- Study a map
- Revisit your roots
- Talk to a friend
Nothing especially mysterious here, is there? If you're a reader, and you
probably are if you've come this far with me, then you'll turn to books
without any urging on my part. Don't look down your nose at movies, either.
I've already told you about the documentary that awakened my interest in
Fort Ti. But a movie needn't be a documentary to get you started. Many years
ago, I saw a film version of Jerome K. Jerome's classic Victorian comic
novel Three Men in a Boat. Fascinating! And very funny, too. Someday,
I said, I'm going to paddle up the River Thames and see what's changed since
Jerome's time. I haven't done it yet, but I haven't given up on the idea,
And maps. Don't forget maps. Maps and
dreams go together. To those who can read what they have to say, all
maps are sources of wonder and inspiration. If you've paddled very long, you
probably own at least a few topographic maps, and nearly everyone has a
stack of road maps or a road atlas somewhere in the house. So get 'em out
and start exploring. State atlases like those published by DeLorme are
particularly useful. Not only do you have maps for a whole state at your
fingertips, but you'll also find listings of unique natural features,
historic sites, museums, beaches, and wildlife areas. Always remember,
though, that you're not looking for a destination. You're starting a
Don't overlook historic maps, either. Large libraries and local
historical societies often have collections of old topographic maps, tax
maps, and county atlases. Studying these is like travelling back in time,
and if you live on or near a dammed river, you probably have one or more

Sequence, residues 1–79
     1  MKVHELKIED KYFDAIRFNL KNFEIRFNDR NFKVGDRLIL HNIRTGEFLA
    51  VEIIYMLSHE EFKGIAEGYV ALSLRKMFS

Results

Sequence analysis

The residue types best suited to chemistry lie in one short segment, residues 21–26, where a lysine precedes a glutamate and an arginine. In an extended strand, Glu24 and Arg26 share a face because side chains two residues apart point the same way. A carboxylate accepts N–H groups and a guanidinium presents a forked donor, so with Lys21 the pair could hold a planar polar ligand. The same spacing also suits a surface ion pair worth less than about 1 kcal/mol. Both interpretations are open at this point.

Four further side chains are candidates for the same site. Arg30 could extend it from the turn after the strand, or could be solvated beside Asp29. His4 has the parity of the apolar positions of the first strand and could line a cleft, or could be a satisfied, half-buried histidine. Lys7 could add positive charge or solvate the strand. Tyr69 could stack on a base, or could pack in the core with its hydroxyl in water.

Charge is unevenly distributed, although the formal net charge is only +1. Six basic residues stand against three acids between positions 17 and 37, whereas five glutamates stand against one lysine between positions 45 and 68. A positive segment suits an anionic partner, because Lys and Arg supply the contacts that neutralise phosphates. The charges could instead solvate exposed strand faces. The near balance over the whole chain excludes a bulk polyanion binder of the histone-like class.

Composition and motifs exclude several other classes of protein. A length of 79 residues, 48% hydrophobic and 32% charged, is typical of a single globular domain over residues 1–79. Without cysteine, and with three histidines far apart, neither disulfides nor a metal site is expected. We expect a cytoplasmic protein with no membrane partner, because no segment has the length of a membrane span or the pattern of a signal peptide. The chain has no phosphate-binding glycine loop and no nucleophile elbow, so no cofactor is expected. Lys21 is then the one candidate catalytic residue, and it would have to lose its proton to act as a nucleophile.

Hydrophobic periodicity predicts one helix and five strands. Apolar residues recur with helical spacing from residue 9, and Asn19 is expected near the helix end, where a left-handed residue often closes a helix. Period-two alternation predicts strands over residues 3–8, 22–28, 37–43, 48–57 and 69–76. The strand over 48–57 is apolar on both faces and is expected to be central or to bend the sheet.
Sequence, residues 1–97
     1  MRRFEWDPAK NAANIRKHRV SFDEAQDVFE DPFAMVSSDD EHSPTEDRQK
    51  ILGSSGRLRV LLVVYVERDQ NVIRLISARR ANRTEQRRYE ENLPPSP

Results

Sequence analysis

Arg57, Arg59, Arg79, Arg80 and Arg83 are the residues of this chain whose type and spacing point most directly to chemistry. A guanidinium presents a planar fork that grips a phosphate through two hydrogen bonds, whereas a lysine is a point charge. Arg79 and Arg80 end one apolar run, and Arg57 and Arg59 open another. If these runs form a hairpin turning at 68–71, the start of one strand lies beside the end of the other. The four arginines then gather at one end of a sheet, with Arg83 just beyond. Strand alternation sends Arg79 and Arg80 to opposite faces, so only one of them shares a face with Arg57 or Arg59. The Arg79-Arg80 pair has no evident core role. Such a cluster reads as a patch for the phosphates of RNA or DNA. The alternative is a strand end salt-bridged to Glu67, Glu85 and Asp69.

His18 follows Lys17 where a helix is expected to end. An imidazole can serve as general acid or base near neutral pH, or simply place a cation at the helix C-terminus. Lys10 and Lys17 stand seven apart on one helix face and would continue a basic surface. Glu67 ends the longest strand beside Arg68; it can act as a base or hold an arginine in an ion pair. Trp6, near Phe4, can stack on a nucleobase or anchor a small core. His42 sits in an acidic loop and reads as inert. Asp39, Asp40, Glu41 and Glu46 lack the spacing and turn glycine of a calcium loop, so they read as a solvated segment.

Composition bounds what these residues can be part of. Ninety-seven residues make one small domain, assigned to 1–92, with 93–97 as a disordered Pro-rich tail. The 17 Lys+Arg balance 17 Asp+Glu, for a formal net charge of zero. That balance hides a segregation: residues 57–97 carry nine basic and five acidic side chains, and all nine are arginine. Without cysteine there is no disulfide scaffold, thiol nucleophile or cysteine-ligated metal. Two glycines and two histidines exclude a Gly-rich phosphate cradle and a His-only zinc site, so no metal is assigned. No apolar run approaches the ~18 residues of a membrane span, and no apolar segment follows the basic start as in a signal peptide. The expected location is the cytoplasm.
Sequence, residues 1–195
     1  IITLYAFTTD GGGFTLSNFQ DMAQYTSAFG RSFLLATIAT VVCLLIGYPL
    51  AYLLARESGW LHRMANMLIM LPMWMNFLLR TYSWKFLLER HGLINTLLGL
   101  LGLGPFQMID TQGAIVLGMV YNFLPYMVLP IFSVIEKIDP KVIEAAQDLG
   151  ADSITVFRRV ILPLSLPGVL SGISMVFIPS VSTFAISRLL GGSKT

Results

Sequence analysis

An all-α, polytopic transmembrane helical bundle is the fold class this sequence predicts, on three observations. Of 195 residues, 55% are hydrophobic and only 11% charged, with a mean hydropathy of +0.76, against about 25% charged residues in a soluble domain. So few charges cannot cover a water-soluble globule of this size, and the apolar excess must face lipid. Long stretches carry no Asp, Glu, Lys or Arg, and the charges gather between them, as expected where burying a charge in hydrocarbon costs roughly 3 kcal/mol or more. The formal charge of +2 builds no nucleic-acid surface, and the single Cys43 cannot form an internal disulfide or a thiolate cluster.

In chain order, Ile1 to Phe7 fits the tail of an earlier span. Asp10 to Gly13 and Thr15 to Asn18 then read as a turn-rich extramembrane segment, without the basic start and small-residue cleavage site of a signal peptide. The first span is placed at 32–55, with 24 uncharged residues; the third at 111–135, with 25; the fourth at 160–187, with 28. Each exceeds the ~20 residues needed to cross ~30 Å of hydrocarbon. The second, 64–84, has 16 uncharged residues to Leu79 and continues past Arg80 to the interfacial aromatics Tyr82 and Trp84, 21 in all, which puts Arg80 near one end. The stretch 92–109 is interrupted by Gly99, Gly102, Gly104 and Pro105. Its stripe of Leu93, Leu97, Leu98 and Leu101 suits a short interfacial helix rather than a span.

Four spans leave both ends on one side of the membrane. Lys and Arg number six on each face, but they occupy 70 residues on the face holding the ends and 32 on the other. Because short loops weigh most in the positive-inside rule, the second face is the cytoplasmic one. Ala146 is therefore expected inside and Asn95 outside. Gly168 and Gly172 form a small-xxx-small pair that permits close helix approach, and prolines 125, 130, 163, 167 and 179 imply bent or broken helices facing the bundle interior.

drowned hamlets right in your backyard. How's that for a magical mystery
tour? Lost Atlantis on your doorstep! And a good battery-powered fish-finder
can show you things long hidden beneath the waves. You can even dive down
and investigate first-hand. If you decide on a submarine tour, though,
make sure you have the necessary skills and expert companions.
Farwell once spent a lonely ten minutes disentangling himself from a
barbed-wire fence, fifty feet below the surface of a small reservoir.
Needless to say, he didn't make the same mistake again.
Would you rather stay on the surface? No problem. So would I. Old maps
will also guide you to cemeteries, abandoned water-mills, and other relics
of our shared past. Be careful, though. Ruins can be dangerous places, and
owning a canoe or kayak doesn't give anyone a license to trespass. So always
ask permission before you begin exploringand never pick up
souvenirs. The past may belong to all of us, but historic artifacts are
always someone's property.
What's that? Water-mills don't tickle your fancy? Then perhaps covered
bridges turn you on. Or maybe you like to tempt the wily trout. Or tour
vineyards. Whatever your interest, there's a waterway running through it
somewhere. And don't neglect your own roots. My grandfather was an Adirondack
guide. He introduced me to many North Country waterways, and his stories
of abandoned settlements, old logging camps, and derelict tanneries got me
started on a never-ending journey through my own past.
Don't be shy. Everyone needs a guide now and then. It's nothing to be
ashamed of. And there's probably someone like my grandfather in your family,
too. Or maybe your guide is simply an old friend. But whether family member,
friend, or chance acquaintance, there's nothing like the human touch. Books
can speak volumes, but only people can bring a landscape and its history to
life. I didn't really get to know the river of my
youth until I met an ancient angler named Harry. He taught me to see the
river as a living thing, and introduced me to its secrets. And he, too,
started me off on a voyage of discovery through time and space.
Waterway rambling. It's as easy as following the thread of the current.
Just pick your point of departure and go. Does this sound like fun? Good!
Spring's making its way up through the northern hemisphere. It's the season
for new beginnings and new adventures. What better time to embark on your
own voyage of discovery?
To be continued on April 9, 2002
Copyright © 2002 by Verloren Hoop Productions. All rights